Yesterday, the Supreme Court of the United States issued a 6-3decision that the Civil Rights Act of 1964 extends to sexual minorities including gay and transgender people. Predictably, this produced cheers from some and hand-wringing from others. As for me, it provided an occasion to post the following tweet:
Just a reminder to Christians on the frontlines of the culture wars: the Christian creeds take no stand on LGBT issues. You are free to do so, just so long as you don't add your stance to those creeds.
— Tentative Apologist (@RandalRauser) June 16, 2020
My tweet then attracted some replies from people who objected that many things are not in the creeds which are, nonetheless, obligatory for Christians to believe. The most fulsome reply on this score came from Jeff Lowder who replied as follows:
“While the creeds take no stands on those issues, they also do not take stands on any ethical issues, at least not explicitly. Yet the Bible clearly does take stands on many ethical issues. For example, consider adultery. It seems to me it would be very odd for a Christian to say, “The creeds say nothing about adultery. You are free to take a stand against adultery, just so long as you don’t add your stance against adultery to those creeds.” I would think Christians would say, “Correct, the creeds don’t address ethical issues, but it doesn’t follow that the Bible says nothing about those issues or that Christians are free to do whatever they want on those topics.” (Not that you are saying they are.) It just seems odd to me to issue a statement, such as yours, without at the same time clarifying that ethical duties for a Christian are to be found elsewhere (primarily, the Bible) and so the creeds are not the only thing that matters. What have I missed?”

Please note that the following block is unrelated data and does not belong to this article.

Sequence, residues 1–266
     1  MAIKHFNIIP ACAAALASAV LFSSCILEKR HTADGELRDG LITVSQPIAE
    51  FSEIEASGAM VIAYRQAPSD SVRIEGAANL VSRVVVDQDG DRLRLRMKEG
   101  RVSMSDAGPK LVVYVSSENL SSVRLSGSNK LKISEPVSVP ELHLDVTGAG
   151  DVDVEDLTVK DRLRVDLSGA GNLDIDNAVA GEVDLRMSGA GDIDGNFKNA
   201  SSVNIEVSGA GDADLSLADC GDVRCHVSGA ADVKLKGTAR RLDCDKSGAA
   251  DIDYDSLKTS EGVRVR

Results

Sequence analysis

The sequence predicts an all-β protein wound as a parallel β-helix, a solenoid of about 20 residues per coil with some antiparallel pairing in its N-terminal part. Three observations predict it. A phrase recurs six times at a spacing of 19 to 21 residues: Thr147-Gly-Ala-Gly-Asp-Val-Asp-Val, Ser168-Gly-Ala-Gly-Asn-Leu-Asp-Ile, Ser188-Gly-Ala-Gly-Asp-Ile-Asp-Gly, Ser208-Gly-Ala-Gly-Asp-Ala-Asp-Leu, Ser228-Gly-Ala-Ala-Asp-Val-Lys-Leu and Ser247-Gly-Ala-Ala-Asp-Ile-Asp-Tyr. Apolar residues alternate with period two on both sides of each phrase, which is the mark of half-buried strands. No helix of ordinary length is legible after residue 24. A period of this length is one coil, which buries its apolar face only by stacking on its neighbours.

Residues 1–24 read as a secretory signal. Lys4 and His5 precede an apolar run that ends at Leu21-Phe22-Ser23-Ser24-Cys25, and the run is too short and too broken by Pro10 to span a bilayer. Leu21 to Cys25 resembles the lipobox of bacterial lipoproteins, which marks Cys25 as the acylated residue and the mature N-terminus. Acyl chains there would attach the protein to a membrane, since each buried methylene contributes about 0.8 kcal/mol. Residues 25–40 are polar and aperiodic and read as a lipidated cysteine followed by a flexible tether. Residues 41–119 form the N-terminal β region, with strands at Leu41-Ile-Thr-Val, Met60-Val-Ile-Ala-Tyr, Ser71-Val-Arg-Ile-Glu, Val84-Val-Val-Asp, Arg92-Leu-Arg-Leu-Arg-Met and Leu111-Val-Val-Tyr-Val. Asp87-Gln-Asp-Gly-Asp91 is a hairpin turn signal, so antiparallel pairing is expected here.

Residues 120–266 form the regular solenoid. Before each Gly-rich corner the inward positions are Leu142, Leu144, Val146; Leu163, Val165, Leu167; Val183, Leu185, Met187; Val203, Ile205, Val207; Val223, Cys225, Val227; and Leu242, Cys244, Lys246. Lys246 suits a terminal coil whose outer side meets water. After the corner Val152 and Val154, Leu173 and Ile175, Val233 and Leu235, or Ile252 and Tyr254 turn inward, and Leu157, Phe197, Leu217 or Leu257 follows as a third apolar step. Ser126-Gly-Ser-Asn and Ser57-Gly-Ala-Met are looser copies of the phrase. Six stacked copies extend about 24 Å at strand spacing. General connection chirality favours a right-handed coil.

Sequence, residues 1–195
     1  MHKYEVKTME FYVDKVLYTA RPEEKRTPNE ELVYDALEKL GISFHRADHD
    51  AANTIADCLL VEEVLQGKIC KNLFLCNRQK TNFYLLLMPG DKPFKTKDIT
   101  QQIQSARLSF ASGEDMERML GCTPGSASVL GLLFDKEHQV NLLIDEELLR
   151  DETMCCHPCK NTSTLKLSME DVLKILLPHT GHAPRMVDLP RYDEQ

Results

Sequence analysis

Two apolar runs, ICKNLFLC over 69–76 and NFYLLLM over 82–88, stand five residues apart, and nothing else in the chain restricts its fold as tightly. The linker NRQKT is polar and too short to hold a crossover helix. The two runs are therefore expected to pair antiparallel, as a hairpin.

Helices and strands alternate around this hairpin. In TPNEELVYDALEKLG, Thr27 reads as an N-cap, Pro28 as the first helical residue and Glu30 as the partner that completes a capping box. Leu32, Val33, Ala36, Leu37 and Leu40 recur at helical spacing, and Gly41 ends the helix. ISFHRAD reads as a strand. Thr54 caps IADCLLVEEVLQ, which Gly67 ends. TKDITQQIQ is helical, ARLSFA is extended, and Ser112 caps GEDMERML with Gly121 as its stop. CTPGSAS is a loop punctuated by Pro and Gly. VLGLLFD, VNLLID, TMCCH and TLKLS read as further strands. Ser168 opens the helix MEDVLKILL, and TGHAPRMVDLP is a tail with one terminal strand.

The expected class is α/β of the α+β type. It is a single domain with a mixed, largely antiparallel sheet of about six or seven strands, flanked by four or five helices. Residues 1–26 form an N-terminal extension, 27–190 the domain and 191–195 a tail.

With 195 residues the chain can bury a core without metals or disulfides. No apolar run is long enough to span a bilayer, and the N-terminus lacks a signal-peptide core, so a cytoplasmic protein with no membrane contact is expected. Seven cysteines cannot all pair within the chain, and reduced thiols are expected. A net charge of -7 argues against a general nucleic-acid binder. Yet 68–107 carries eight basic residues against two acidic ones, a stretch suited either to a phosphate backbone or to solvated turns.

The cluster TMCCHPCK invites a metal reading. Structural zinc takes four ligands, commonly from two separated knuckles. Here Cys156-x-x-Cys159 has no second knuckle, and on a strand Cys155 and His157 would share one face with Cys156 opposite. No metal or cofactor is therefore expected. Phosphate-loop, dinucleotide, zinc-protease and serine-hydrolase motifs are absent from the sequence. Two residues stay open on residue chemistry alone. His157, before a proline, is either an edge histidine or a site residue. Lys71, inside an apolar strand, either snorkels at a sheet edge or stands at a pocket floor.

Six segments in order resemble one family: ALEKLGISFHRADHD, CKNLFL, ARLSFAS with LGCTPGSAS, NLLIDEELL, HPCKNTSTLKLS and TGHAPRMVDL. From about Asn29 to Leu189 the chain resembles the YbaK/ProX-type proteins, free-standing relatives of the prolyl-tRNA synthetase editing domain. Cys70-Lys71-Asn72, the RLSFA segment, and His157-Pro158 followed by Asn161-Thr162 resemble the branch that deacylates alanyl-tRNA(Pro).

I then replied:
“Ok, but you’re misunderstanding the tweet. It’s aphoristic and simply means that you ought not to add to *mere Christianity* what does not belong. Anyone who thinks a particular stance (yea or nay) on one’s right to discriminate against LGBT people is adding a non-essential.”
I want to conclude this article by highlighting and underscoring the point I’m making. As a Christian, you can have your basic hermeneutical, ethical, social, and political convictions about endless topics: young-earth creationism vs. evolution, the historical nature of the Exodus, the nature of the sacraments, the ethics of just war, elective abortion, or euthanasia, the legitimacy of democracy or constitutional monarchy, capitalism or socialism, and so on… But it is quite another thing to say that your view on this particular issue belongs in “the creed,” i.e. as part of mere Christianity.
The question of whether gay and transgender people should be covered in the US Civil Rights Act of 1964 is an important one. But good grief, don’t add it to the creed and don’t pretend that your view on the issue belongs in mere Christianity.